how do you say “Tavernier?”

… 
Well, that question just happens to rhyme! My father’s side of the family is of French & Quebecois descent, so it is pronounced “ta.vɛʁ.nje“, or, according to one of my non-French speaking college chums, like a viking cry, “I’m going to the tavern, YAY!” Some relatives changed the spelling to Tavernia in the hopes that English-speakers would pronounce it correctly, but ours has remained in the original French spelling & has been subjected to many different pronunciations over the years.

Tavernier means “tavern keeper”, & indeed some of my ancestors rented out rooms & fed people over the years in the St. Lawrence valley of Quebec & Northern New York state. Other Taverniers were confectioners in Paris, Calais, and Bourges, France. It seemed fitting to name a chocolate venture after my surname, inspired by a woman who enjoyed food & travel as much as my grandmother did.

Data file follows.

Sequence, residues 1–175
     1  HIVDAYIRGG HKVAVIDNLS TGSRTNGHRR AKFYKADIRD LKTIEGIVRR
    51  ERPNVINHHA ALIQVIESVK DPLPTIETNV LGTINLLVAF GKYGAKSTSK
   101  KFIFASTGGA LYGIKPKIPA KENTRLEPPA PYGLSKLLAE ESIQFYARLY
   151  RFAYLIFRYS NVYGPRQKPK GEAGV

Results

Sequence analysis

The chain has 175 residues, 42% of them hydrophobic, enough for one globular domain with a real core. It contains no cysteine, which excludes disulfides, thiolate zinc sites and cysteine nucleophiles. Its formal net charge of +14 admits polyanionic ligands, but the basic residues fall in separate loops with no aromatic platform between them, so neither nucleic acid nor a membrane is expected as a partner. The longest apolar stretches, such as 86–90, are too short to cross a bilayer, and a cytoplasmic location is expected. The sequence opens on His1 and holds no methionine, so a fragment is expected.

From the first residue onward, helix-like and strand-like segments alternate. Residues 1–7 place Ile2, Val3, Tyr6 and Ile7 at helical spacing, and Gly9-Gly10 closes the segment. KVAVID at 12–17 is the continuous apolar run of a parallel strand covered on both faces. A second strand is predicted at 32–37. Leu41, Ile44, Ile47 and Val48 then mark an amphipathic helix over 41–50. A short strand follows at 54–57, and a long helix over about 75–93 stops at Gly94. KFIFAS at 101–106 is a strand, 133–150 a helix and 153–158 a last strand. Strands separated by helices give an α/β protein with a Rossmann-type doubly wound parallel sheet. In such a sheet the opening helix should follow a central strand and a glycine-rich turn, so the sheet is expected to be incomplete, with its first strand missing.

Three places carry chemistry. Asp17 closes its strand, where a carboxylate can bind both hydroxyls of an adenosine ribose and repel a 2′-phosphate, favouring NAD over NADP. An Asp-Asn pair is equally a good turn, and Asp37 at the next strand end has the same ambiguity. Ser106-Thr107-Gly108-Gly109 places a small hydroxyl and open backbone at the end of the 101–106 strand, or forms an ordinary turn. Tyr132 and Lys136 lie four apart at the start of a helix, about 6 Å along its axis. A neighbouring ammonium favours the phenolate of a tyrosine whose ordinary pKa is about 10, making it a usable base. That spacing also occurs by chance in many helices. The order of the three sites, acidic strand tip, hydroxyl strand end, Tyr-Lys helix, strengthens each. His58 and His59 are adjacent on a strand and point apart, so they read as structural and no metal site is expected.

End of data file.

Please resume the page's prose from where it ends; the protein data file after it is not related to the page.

My dear grandmother Ella Tavernier is pictured here on the far left, arm-in-arm with her beloved sister-in-law & smiled upon by her two sisters, my wonderful great-aunties.

Below is some ephemera from ancestral Taverniers’ confectionery ventures:

tavernier confiserie tavernier forestinetavernier bill

Rosalie Charland and Louis Tavernier

Rosalie Charland & Louis Tavernier, my great-great grandparents on their dairy farm in the St. Lawrence Valley